I can only say when I read about Geimer’s role in the defection, after knowing him very well for a considerable period, I told my wife at the time, “I’m surprised—but not surprised.” He always had a winning cloak-and-dagger private intelligence-gathering aspect to him (similar to that cultivated by David Koch)—but he was as less inclined to war with Stans; nevertheless he was indispensable to me we engaged in our own variant of the Cold War with the secretary of commerce circa 1969-70. All in all, he was probably one of the greatest “assets” i.e. a CIA term that the nation ever had (while I am not sure when he came on board with the CIA or how it happened).

Geimer, said McClaughry, was a highly interesting person for me to meet. Indeed he was; he remains even in death one of the most fascinating men I ever met or worked with. In his early 30s when we met, he had gone to law school at Marquette, a Jesuit university (coincidence abound in every life as in mine: at Marquette he graduated with the lawyer, later judge, wife of my assistant, Pat Racey, Sheila Murphy and was acquainted with the Raceys) and developed a conservative yet socially conscientious philosophy that made him a soul-mate of McClaughry: a conservative with deep passion for social justice. Not too many of people like Geimer around, said McClaughry.

Indeed McClaughry and Geimer were the only two I met who fit the description of conservative fighter for social justice, intellectually as well as politically. Most whites interested in alleviating black poverty were strongly liberal and sometimes angry: calling for more state resources. McClaughry and Geimer were passionate about rectifying poverty but understood that public assistance renders one dependent; they striving instead to energize the private sector to help blacks liberate themselves from stereotypical liberalism and the Democratic party. Geimer was the second person who expressed the view to me that liberalism is, of itself, a social malfunction; the first being my own father (long before the thought was made disreputably commonplace by the eccentric Michael Savage).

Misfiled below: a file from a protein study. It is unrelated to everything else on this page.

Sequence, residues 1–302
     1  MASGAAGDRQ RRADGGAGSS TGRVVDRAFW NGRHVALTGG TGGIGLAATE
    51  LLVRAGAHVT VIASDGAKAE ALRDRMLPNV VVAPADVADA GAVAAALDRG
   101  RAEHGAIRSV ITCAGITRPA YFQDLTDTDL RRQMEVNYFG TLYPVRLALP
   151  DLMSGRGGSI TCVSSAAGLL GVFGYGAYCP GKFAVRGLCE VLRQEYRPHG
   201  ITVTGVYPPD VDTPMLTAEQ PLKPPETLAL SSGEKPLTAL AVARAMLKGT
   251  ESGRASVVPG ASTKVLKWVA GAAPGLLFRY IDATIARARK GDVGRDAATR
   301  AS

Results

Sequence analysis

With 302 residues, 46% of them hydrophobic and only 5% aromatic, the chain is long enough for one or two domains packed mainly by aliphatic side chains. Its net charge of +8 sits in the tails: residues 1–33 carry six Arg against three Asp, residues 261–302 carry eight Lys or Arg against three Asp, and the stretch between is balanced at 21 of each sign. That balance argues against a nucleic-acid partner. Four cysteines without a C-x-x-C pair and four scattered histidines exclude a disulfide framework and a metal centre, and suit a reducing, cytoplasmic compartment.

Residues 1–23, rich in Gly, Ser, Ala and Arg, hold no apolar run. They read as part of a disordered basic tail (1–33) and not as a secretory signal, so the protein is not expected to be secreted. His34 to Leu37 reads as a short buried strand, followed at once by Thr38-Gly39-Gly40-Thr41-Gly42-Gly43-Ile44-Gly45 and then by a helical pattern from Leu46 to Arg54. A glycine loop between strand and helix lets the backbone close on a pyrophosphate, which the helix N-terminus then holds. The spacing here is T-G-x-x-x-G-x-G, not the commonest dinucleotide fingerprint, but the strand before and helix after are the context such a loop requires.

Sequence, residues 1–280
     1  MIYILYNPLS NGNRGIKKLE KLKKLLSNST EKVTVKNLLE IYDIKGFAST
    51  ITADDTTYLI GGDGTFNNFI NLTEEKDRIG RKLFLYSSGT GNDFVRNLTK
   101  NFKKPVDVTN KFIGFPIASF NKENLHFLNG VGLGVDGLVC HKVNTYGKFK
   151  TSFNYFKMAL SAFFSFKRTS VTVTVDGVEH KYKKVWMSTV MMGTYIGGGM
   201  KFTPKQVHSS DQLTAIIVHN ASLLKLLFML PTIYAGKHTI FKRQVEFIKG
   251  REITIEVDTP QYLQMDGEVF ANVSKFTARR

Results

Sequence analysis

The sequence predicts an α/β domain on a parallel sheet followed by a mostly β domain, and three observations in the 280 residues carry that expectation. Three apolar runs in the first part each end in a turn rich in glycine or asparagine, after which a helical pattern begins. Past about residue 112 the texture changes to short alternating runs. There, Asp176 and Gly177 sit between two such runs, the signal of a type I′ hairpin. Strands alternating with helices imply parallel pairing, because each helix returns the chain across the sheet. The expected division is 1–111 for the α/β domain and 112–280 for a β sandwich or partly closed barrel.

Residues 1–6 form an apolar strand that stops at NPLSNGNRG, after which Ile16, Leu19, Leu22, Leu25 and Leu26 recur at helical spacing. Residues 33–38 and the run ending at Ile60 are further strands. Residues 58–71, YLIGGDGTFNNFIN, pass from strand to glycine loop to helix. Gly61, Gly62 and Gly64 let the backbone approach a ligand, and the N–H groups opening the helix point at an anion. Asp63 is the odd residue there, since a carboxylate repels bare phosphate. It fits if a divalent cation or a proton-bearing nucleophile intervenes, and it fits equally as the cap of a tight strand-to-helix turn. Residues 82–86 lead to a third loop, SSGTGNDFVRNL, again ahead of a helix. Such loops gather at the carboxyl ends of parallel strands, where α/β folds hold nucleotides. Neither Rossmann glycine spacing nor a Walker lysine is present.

Instead they wanted to mobilize private and independent resources to get blacks into the mainstream. Both worked in government to get the private sector harnessed, Geimer using my agency—and educating me—to do it. His belief in private sector as a bootstrap attracted me because that was where, at that time, I was coming from (from which I retreated briefly and to which I have since, for many years, returned). “I don’t know how you plan to use Geimer,” said McClaughry. I said I don’t plan to “use” anybody. “Well,” he said, “stick close to him `cause he’s an important resource. He could either help you at Quaker or whatever else you want to do. I consider him a man destined for great things.”

When Geimer arrived, I saw a strikingly handsome, slightly built, shortish young man—looking rather like the boyish Montgomery Clift before he had had his devastating automobile accident which ravaged his patrician features. The prime thing about Geimer was that he was slight, dark-hairedly handsome with soulful blue eyes…almost like those of a captivating puppy which trained on you the moment you interested him—eyes that could speak volumes from deep philosophical truths. A manly guy, his eyes were limpid and uniquely feminine—eyes that convinced a good many people that he was a seeker of truth…including me. From that time on, until shortly before the Shevchenko episode and when he founded the Jamestown Foundation (an invaluable Cold War resource and today an invaluable repository of facts gleaned from former CIA and other sources on terrorism), we were the closest of friends and his wife Maureen (known as Mo) and kids were for a time playmates with my own when Lillian and they came to spend some months with me during the summer.